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40 of 46 people found the following review helpful
Superb multi-media hip-hop Baroque Opera that rocks...reallyJan. 22 2006
- Published on Amazon.com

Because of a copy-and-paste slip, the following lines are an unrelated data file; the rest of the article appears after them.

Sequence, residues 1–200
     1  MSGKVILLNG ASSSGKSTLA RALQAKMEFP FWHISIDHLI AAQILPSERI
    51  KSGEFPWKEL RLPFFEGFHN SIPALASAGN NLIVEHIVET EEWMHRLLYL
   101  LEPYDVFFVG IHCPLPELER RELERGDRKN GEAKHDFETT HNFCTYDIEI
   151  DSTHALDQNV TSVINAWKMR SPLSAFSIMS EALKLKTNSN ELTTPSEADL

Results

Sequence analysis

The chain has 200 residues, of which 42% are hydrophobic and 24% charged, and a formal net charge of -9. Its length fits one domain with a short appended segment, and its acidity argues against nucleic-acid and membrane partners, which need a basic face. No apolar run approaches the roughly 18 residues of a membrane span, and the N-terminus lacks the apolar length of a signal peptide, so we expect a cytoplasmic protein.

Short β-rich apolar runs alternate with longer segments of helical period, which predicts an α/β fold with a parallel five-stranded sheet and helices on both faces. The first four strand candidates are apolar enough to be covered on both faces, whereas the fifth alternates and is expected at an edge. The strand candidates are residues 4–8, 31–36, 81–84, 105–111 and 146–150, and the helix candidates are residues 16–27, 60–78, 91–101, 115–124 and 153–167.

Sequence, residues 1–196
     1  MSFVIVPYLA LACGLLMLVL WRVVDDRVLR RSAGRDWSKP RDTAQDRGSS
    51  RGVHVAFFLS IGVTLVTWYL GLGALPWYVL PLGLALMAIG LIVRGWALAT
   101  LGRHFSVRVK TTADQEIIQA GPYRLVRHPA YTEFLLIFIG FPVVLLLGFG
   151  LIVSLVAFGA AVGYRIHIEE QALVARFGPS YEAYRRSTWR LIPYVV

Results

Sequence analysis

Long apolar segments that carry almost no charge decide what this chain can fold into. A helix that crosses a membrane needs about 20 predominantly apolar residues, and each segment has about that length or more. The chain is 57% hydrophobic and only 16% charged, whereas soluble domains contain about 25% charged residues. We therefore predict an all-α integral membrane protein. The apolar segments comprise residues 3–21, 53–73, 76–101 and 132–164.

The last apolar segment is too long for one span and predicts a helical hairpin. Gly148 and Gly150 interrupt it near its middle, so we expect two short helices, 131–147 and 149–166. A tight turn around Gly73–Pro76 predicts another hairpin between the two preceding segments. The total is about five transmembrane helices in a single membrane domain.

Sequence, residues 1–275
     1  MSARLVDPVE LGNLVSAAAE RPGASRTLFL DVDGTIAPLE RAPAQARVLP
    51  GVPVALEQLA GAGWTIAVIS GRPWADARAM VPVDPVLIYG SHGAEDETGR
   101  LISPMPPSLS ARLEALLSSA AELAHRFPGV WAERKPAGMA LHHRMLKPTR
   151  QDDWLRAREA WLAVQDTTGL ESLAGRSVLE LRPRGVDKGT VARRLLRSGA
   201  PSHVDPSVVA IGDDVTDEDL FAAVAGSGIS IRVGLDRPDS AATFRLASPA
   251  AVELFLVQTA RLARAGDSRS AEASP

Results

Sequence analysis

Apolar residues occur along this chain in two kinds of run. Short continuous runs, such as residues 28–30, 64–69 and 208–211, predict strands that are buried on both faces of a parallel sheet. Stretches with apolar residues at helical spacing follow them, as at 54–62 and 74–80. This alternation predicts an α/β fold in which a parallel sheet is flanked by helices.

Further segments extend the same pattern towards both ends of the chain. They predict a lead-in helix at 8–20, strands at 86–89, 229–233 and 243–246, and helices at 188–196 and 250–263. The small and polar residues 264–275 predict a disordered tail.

Baroque that rocks! is the title of a documentary film by Reiner E. Moritz that accompanies this Opus Arte DVD production of Jean-Philippe Rameau's (1683-1764) penultimate masterwork Les Paladins, inspired by a fable by La Fontaine. Described as a Comedie lyrique in three acts and composed in 1760 when Rameau was 77, it blended reality and the surreal even before director Jose Montalvo and choreographers Montalvo and Dominique Hervieu began their efforts to bring this Baroque masterpiece before a 21st Century audience. Watching this ingenious blend of 18th Century French Opera and ultramodern technology, dancing, multi-screen films and imaginative staging is like wandering through a wormhole in spacetime. All times between are bypassed and only those slivers of spacetime that correspond to 1760 and the present - the entrance and exit points through this artistic portal - are allowed to coexist. And coexist they do; modern dance, film and a plethora of strange activity reflect or comment upon what occurs on stage. One inhabits two worlds simultaneously and it takes some getting used to. Dancers utilize old school breakdancing, hip-hop, West Indian, African and urban street moves, all superbly choreographed by Ms. Hervieu. Multiple screens doubling as multiple stage doors present a profusion of films frequently incorporating stage performers so that they interact with their virtual selves and others; they are constantly morphing into animals, birds, butterflies and statuary of various shapes and sizes. Balloons float across the stage as props, a trampoline is utilized as an apt metaphor for love's flight. Castles and gardens appear and disappear as needed via film and image projections. And all this time, like a heart that refuses to falter, a magnificent Opera persists onstage and in the pit, sublimely played and gorgeously sung.